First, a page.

After arriving at Drie Kuilen and pressing our morning’s collections, we set out to explore the recently burnt reserve and track down the Cape Town team. The legumes dried up for a while, and so we spent some time collecting some potentially interesting sedges which will be identified by Prof. Muthama Muasya ITFOT. Just before we headed for home, we were treated to some beautiful Lotononis gracilifolia (EN) in flower. For the second day, we took the long drive towards the top of the mountains and although the veld is very young and dry, we got a taste a what occurs in this wonderful reserve. We feel fairly confident of at least two new Aspalathus species that we are waiting to see in flower, Indigofera cf burchellii (NE), Lotononis argentea (VU), Ixia parva (VU) and this is only the start of it… We then took the long (and hot) drive to Sutherland to stock up on the bare necessities before tackling the 100km of horrible gravel road to reach the Polhillia involucrata on the escarpment. We were duly rewarded with Polhillia involucrata (EN) in beautiful bloom at several places along a stretch of several kilometres of the escarpment road. We also found several other interesting legumes including what may turn into a new Argyrolobium and an interesting Lessertia we somehow neglected to collect (with great regret…) FMC. After enjoying the Polhillia for a few hours, we made the 100km journey on more bad gravel road to our accommodation for the evening, where I prepared a proudly South African braai with steak, boerewors, potato salad and some peas (the tinned kind).

Leaving the Roggeveld escarpment the next morning via Osberg Pass, we made a quick visit to Kanariesfontein. This farm is home to a small (and sadly not very healthy looking) population of Polhillia involucrata (EN) and is home to the only remaining population of Secale strictum subsp. africanum (SA Rye Grass – CR). The very friendly Oom took us around to see both species and we are glad to report that both are still there and that the Oom is doing his best to manage the Rye grass as a livestock farmer in the worst drought in recorded history. The plants have been grazed, but are still looking healthy and will not be grazed until after they have finished flowering. The drive through Tanqua Karoo was hot and there seems to be absolutely nothing alive there. We made a quick stop on Gydo Pass where Charlie showed me his secret legume hunting spot which included Aspalathus desertorum (NT).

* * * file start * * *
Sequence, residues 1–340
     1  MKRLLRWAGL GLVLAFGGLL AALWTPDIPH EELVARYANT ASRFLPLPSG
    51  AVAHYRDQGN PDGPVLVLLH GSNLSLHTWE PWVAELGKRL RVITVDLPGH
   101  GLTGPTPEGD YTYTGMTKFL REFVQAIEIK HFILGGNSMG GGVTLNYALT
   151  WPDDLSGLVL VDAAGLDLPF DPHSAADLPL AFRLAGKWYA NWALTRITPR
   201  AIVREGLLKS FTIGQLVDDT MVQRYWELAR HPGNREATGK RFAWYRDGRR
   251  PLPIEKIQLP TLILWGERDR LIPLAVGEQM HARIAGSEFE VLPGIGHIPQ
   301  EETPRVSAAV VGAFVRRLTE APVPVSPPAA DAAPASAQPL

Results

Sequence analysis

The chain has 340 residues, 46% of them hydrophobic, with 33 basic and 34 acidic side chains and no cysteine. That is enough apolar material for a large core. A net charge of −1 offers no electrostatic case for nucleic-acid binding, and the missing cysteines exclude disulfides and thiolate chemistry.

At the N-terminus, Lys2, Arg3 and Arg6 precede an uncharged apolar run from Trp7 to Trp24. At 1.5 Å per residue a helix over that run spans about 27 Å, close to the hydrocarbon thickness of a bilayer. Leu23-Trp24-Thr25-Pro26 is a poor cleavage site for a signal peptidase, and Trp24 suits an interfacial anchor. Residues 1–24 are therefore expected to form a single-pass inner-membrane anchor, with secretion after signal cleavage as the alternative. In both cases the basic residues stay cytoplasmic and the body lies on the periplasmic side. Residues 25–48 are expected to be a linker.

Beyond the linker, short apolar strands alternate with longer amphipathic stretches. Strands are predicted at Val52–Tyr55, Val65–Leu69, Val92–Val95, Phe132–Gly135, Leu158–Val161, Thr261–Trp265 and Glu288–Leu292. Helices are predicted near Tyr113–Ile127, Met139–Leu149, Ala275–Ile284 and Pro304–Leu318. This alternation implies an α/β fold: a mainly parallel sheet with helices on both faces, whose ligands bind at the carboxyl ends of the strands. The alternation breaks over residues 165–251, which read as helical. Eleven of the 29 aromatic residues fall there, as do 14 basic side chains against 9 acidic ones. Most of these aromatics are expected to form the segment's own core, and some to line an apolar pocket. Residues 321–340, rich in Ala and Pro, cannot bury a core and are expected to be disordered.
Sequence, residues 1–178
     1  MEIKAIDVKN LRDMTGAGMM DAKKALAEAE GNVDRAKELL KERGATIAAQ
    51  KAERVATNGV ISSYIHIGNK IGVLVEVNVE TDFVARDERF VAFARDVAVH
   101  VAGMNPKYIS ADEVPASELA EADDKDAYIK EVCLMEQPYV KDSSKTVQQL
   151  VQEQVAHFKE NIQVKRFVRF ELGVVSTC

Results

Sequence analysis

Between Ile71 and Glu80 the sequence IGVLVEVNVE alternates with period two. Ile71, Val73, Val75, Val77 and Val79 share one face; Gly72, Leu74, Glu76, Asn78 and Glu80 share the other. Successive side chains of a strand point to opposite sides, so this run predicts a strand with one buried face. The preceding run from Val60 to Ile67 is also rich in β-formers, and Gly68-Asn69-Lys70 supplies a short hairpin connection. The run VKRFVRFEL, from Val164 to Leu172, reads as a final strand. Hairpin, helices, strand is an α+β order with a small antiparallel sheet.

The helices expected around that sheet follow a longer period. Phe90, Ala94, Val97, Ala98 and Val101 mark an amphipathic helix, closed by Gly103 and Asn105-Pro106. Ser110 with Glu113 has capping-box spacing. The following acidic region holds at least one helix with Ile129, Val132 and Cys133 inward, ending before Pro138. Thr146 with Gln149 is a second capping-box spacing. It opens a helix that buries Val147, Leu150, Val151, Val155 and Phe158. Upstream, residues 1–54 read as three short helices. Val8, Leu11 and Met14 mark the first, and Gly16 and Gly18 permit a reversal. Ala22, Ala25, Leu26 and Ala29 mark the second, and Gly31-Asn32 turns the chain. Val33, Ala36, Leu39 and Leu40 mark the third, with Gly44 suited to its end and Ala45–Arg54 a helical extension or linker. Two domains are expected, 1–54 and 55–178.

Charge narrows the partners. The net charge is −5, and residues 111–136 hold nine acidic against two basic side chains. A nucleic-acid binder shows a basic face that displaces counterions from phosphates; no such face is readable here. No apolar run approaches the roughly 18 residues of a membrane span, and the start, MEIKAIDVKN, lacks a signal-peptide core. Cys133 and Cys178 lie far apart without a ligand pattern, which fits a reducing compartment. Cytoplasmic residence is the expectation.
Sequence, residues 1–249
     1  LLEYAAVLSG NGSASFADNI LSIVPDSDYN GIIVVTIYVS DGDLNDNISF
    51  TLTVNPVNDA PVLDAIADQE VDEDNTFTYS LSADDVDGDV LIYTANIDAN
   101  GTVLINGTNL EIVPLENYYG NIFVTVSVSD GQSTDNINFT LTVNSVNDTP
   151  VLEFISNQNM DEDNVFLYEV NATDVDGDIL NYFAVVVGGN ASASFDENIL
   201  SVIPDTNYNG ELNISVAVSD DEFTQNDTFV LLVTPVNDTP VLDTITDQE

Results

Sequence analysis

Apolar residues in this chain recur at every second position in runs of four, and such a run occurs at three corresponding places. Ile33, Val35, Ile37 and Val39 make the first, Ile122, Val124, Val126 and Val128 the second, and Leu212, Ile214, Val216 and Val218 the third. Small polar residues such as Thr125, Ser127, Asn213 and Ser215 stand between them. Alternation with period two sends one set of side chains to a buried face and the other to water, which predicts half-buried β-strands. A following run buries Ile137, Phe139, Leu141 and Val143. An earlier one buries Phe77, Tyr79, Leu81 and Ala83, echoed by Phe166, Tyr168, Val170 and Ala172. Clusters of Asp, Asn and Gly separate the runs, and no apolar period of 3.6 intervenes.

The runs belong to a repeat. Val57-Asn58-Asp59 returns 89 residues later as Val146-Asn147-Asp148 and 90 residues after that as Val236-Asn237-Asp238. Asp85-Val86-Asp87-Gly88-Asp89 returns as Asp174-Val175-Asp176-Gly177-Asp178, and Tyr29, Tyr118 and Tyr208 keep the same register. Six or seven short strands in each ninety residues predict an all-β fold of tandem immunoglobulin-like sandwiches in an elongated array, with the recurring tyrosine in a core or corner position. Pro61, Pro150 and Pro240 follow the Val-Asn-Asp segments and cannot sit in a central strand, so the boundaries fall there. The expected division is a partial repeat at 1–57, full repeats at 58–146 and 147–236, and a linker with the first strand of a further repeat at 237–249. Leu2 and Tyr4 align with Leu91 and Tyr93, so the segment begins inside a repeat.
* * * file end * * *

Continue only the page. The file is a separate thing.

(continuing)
Finally, on Saturday 28 October I joined Dewidine to visit the potential Aspalathus ferox (CR PE) plants at Vrojlikheid NR near McGregor to try and confirm the ID. We managed to locate the plants on several koppies and took ample material for specimens. Unfortunately, I can confirm that the plants are not Aspalathus ferox, and are most likely Aspalathus lactea subsp. breviloba (VU). We also managed to find Drosanthemum micans (EN) in flower and not much else in the very dull and dry Karoo.

October was a very successful and tiring month, with more than half the month spent away from home. I must admit that I am looking forward to the end of the field season as my specimen tally for the year already stands at 142, never mind the several hundred CREW site sheets and MSc work that lies ahead too… Enjoy the last month of spring, summer is on the way!
Groete,
The Boy / Mr Fab / Dr Pea (thanks to Tony Rebelo for another name…)

Posted on November 05, 2017 06:14 by outramps-tanniedi outramps-tanniedi | 1 comments | Leave a comment

November 14, 2017

Hier Kom die "Ou Groote"

And no, I am not referring to Kobus Wiese, the ex-Springbok lock and genial host of Super Rugby on Supersport. Despite having the horrific weekend Rugby on my mind, the weather forecast and the “Big Rain” for the coming week is currently looming larger in my thoughts. Heavy rain on a southeaster is indicative of a cut-off low, which is at all times unpredictable. It may just disappear (unlikely), but is more likely to bring exceptionally heavy rain to the Southern Cape. With very little post-fire plant regeneration on the steep slopes around George, Knysna and Plett, this could have devastating consequences. Floods and landslides are a distinct possibility. On Strawberry Hill, we are deepening the drainage lines on the driveway, clearing out the gutters and filling the baths with water. Our tenuous electricity supply is unlikely to withstand the onslaught that is forecast. “Batten down the hatches”!